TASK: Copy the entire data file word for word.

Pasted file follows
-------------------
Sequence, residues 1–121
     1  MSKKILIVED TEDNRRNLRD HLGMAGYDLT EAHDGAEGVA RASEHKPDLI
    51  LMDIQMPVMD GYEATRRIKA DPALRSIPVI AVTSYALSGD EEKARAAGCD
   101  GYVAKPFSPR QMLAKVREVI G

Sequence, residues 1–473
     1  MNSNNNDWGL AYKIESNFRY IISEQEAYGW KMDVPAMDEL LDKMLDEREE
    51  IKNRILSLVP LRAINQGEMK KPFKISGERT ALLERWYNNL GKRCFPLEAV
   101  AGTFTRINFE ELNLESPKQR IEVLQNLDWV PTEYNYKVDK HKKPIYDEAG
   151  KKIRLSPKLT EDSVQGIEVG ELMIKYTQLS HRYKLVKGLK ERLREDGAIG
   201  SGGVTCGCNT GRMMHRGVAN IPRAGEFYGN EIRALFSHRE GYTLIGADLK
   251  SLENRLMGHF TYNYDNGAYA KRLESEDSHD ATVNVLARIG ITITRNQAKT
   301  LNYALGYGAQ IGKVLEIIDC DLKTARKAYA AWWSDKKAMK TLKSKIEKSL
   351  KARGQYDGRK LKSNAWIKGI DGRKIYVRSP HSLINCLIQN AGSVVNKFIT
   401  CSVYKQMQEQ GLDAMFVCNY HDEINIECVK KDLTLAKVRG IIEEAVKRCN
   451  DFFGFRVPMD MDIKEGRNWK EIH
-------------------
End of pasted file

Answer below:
Sequence, residues 1–121
     1  MSKKILIVED TEDNRRNLRD HLGMAGYDLT EAHDGAEGVA RASEHKPDLI
    51  LMDIQMPVMD GYEATRRIKA DPALRSIPVI AVTSYALSGD EEKARAAGCD
   101  GYVAKPFSPR QMLAKVREVI G

Sequence, residues 1–473
     1  MNSNNNDWGL AYKIESNFRY IISEQEAYGW KMDVPAMDEL LDKMLDEREE
    51  IKNRILSLVP LRAINQGEMK KPFKISGERT ALLERWYNNL GKRCFPLEAV
   101  AGTFTRINFE ELNLESPKQR IEVLQNLDWV PTEYNYKVDK HKKPIYDEAG
   151  KKIRLSPKLT EDSVQGIEVG ELMIKYTQLS HRYKLVKGLK ERLREDGAIG
   201  SGGVTCGCNT GRMMHRGVAN IPRAGEFYGN EIRALFSHRE GYTLIGADLK
   251  SLENRLMGHF TYNYDNGAYA KRLESEDSHD ATVNVLARIG ITITRNQAKT
   301  LNYALGYGAQ IGKVLEIIDC DLKTARKAYA AWWSDKKAMK TLKSKIEKSL
   351  KARGQYDGRK LKSNAWIKGI DGRKIYVRSP HSLINCLIQN AGSVVNKFIT
   401  CSVYKQMQEQ GLDAMFVCNY HDEINIECVK KDLTLAKVRG IIEEAVKRCN
   451  DFFGFRVPMD MDIKEGRNWK EIH